I know a lot of the insurance companies are paying for virtual therapy and so we’re seeing insurance companies, and now, Medicare being willing to pay. So this is something I’ve heard second hand so I need to verify that so don’t quote me on it. But I definitely see these changes coming as well. 

Sarah: It’s really exciting. And I think it would be great if we could bring someone on the podcast who specifically focuses on virtual therapy and talk to that person more in depth about how it works, what they do. I just think it’s a really, really exciting new area that I want to learn more about. And I’m sure many of the listeners do too. 

Howard: Absolutely. 

Let’s move on to the next category. That would be the “when” so your “when” is really, when are your office hours? When are you willing to see clients? You may have separate “when” – office hours for in-person and separate ones for virtual. You can delineate that if you want. And also the “when” is, when am I not willing to see clients? And I think that’s really important to write down because you got to have a boundary in your “when”. And clinicians, being one myself and knowing that it took me a long time to have good boundaries around time I should say. I’ve always had good boundaries around the relationship, but time is one that is really easy to create a problem with where we’re suddenly like talking to clients a lot on the weekends, or unless we want to work on the weekends or in the evenings. And so we want to really try to delineate – When are my office hours?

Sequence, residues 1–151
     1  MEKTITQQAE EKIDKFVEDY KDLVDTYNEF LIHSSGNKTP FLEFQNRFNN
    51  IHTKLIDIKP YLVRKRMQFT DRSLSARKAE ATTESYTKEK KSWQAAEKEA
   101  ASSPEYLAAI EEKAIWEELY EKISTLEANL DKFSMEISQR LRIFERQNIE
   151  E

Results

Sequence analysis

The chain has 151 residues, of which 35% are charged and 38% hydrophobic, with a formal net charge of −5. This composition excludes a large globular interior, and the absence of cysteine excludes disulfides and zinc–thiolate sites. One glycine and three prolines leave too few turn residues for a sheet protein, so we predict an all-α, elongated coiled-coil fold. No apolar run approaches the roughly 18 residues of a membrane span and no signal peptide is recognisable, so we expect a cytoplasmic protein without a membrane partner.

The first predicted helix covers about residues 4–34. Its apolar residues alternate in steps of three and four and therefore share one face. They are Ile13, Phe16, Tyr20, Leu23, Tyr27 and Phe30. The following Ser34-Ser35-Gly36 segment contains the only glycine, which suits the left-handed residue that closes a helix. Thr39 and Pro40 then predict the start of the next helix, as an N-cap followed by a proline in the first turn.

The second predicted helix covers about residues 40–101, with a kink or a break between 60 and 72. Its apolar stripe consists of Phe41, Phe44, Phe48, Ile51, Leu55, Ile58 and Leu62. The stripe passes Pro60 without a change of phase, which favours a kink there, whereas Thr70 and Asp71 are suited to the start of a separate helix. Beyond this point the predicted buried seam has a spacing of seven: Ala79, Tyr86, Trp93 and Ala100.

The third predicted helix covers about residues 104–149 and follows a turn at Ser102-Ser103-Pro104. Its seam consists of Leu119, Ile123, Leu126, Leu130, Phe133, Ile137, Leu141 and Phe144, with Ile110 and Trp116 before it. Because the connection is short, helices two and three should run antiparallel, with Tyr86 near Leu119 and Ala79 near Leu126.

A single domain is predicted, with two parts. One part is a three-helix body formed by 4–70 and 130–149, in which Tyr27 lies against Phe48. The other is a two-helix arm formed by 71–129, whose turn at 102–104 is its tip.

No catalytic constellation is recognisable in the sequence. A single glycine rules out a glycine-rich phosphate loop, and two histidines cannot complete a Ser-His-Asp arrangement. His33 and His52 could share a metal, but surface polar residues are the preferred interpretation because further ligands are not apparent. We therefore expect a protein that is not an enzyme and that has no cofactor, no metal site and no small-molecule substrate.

Obviously, you’re going to be contacting clients if there’s an urgent matter and you might be making exceptions once in a while, but those are things that are important to at least have a little bit of an outline.